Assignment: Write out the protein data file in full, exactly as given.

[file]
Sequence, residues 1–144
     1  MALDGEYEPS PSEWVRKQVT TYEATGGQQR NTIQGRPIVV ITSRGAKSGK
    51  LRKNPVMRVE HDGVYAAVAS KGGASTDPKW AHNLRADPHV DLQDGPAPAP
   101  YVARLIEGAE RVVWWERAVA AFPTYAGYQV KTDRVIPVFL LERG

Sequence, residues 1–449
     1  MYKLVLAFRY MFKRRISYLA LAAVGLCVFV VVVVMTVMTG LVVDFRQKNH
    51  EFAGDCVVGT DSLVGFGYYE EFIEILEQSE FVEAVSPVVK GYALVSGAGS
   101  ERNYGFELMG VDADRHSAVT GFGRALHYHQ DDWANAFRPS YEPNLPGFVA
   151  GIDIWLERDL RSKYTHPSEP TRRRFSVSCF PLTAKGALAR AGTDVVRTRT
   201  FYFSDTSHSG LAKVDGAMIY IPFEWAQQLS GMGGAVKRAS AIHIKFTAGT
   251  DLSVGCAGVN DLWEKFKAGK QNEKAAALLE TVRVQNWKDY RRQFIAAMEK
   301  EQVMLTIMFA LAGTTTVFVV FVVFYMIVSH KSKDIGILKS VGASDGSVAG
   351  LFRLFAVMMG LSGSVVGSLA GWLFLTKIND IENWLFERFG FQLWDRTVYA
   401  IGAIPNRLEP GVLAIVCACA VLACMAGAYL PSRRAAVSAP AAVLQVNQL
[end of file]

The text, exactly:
Sequence, residues 1–144
     1  MALDGEYEPS PSEWVRKQVT TYEATGGQQR NTIQGRPIVV ITSRGAKSGK
    51  LRKNPVMRVE HDGVYAAVAS KGGASTDPKW AHNLRADPHV DLQDGPAPAP
   101  YVARLIEGAE RVVWWERAVA AFPTYAGYQV KTDRVIPVFL LERG

Sequence, residues 1–449
     1  MYKLVLAFRY MFKRRISYLA LAAVGLCVFV VVVVMTVMTG LVVDFRQKNH
    51  EFAGDCVVGT DSLVGFGYYE EFIEILEQSE FVEAVSPVVK GYALVSGAGS
   101  ERNYGFELMG VDADRHSAVT GFGRALHYHQ DDWANAFRPS YEPNLPGFVA
   151  GIDIWLERDL RSKYTHPSEP TRRRFSVSCF PLTAKGALAR AGTDVVRTRT
   201  FYFSDTSHSG LAKVDGAMIY IPFEWAQQLS GMGGAVKRAS AIHIKFTAGT
   251  DLSVGCAGVN DLWEKFKAGK QNEKAAALLE TVRVQNWKDY RRQFIAAMEK
   301  EQVMLTIMFA LAGTTTVFVV FVVFYMIVSH KSKDIGILKS VGASDGSVAG
   351  LFRLFAVMMG LSGSVVGSLA GWLFLTKIND IENWLFERFG FQLWDRTVYA
   401  IGAIPNRLEP GVLAIVCACA VLACMAGAYL PSRRAAVSAP AAVLQVNQL